The Prototype – Bigger, Badder, Buggier!

The first weeks of Advanced Game Studio have been fast-paced and focused on two iterations of our Prototypes: early “releases” of the game that will become the foundation for the work to come.

To make this all happen, our indie studio has separated into several teams, each focused on different disciplines: Art, Design, Sound, and Code. Each team has specific functions and goals that are essential in producing this project.

Here is what our teams have been up to since the start of the semester:


Our Design Team has been focusing on what locations to feature in our tracks, potential obstacles for these tracks, and types of powerups that players can use throughout the game.

We’ve decided on the following so far:

  • Our first level will be the same traditional buggy path that we used in last year’s project, but “remixed” with more twists and new features!
  • We will be including some notable CMU/Pittsburgh landmarks, using last year’s work as a foundation to build upon.
  • Time permitting, our goal is to expand the game with a second level based on other CMU campus locations.
  • By using powerup items, the player and the AI can either help themselves and or hinder others. Early concepts included speed boosts, distractions, and throwable obstacles.

We will discuss the design process and how we came to these decisions in a future spotlight blog post. But in the meantime, here’s an example of an early track design drafted by our designer Kathryn-Mae Eiland!


Our Art Team creates the stunning visuals that will give our game its cartoony design. Part of our Art Team has been working on concept art, while the rest are in the middle of transferring these 2D designs into 3D models.

The art style this year will embrace a low-poly look. Instead of being smooth and heavily detailed, like in many newer video games, our 3D models will look angular and more geometric. This style will allow for easier rendering and allow for more people to play our project, regardless of their computer’s specs.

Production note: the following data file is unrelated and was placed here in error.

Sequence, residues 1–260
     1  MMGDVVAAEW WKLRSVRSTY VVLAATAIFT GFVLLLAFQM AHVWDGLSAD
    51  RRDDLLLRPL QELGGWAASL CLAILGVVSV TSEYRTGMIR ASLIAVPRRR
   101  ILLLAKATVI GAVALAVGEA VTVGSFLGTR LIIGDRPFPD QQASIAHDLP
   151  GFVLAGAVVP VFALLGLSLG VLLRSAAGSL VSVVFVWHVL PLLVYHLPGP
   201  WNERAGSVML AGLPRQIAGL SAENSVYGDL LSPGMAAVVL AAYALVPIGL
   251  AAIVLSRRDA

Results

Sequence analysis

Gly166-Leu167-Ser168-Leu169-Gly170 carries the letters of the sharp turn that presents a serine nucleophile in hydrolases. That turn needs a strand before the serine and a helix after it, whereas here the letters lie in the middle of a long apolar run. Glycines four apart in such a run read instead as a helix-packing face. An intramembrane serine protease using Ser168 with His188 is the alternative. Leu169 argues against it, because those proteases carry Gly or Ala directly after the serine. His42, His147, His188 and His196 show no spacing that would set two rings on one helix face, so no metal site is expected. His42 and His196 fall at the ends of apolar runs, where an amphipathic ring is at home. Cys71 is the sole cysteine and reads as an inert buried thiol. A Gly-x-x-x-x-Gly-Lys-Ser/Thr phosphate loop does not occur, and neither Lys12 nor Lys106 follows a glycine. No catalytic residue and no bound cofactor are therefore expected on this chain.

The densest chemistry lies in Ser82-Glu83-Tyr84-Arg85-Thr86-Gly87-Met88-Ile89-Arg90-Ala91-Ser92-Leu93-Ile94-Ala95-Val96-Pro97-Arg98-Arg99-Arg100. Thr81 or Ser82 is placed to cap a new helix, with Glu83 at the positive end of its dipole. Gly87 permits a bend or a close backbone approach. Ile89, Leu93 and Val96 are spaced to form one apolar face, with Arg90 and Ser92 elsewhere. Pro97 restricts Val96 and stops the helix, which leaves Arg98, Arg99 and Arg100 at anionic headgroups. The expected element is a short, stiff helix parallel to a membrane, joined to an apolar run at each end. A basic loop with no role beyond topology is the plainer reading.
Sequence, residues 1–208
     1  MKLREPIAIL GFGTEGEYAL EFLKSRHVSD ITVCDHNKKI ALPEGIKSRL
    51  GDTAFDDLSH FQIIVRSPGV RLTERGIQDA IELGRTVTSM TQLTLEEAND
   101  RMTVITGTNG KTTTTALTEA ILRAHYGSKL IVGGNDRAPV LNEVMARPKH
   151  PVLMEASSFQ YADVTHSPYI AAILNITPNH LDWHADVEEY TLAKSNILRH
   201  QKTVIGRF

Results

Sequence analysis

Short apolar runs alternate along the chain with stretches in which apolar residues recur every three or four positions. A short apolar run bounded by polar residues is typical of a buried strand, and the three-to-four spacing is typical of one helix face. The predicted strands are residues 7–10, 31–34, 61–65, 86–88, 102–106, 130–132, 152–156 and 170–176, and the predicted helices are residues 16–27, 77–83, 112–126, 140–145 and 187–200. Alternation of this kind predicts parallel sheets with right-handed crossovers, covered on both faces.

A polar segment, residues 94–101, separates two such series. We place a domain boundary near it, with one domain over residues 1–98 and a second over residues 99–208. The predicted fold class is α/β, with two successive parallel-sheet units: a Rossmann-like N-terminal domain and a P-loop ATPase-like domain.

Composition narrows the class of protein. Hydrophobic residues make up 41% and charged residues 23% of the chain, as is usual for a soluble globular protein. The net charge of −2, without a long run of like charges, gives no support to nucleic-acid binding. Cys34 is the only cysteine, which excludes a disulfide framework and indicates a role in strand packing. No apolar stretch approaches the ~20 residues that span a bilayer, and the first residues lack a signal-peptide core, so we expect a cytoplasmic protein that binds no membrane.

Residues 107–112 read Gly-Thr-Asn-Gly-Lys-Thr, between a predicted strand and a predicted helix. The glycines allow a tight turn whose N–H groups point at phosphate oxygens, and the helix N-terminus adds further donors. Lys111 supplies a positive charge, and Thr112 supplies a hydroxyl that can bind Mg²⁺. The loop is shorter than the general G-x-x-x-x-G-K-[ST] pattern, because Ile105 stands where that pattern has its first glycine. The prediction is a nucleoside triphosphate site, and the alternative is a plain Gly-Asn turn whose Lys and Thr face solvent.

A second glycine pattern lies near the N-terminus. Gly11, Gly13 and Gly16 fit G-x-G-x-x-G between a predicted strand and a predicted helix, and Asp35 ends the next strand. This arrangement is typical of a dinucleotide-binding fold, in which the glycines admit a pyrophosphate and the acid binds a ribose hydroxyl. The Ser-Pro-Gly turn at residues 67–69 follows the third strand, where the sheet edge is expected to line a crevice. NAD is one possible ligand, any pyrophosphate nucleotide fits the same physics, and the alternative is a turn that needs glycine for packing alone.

Here’s a sneak peek of some concept art by Vivi Nguyen!


Our Sound Team has been focusing on music and sound effects to accompany gameplay. Here’s what we’ve got so far:

  • We want a more upbeat, almost rave-like sound to complement our game’s cartoony style. Here is a demo track composed by Jonathan Fischer, based on CMU’s Fight Song!
  • We are in the middle of drafting sound effects that will bring the buggies and the environments to life.


Our Code Team has been working on the mechanics that allow our game to function. They’ve gotten a lot done in the last several weeks, including:

  • Reworking how the buggies drive, using wheel-based physics to make them behave like a real-life vehicle.
  • Implementing other racers to compete against, this time with more variation in their movements.
  • Creating a framework for the game from start to finish: a start screen that will eventually host new features currently in development, the “rules of the race”, and more.

With the final prototype still in development, here’s an early preview of the driving mechanic, and going off a “ramp”!

Looking Ahead

In the coming weeks…

  • We will be able to race on an early version of track 1.
    • In-house playtesting will begin at this stage of development, with external playtests to follow.
  • Art is generating more low-poly 3D models and working on applying textures to the old models, in order to recreate the aesthetic from our concept art.
  • Sound is polishing the first round of sound effects and music.

See you next week!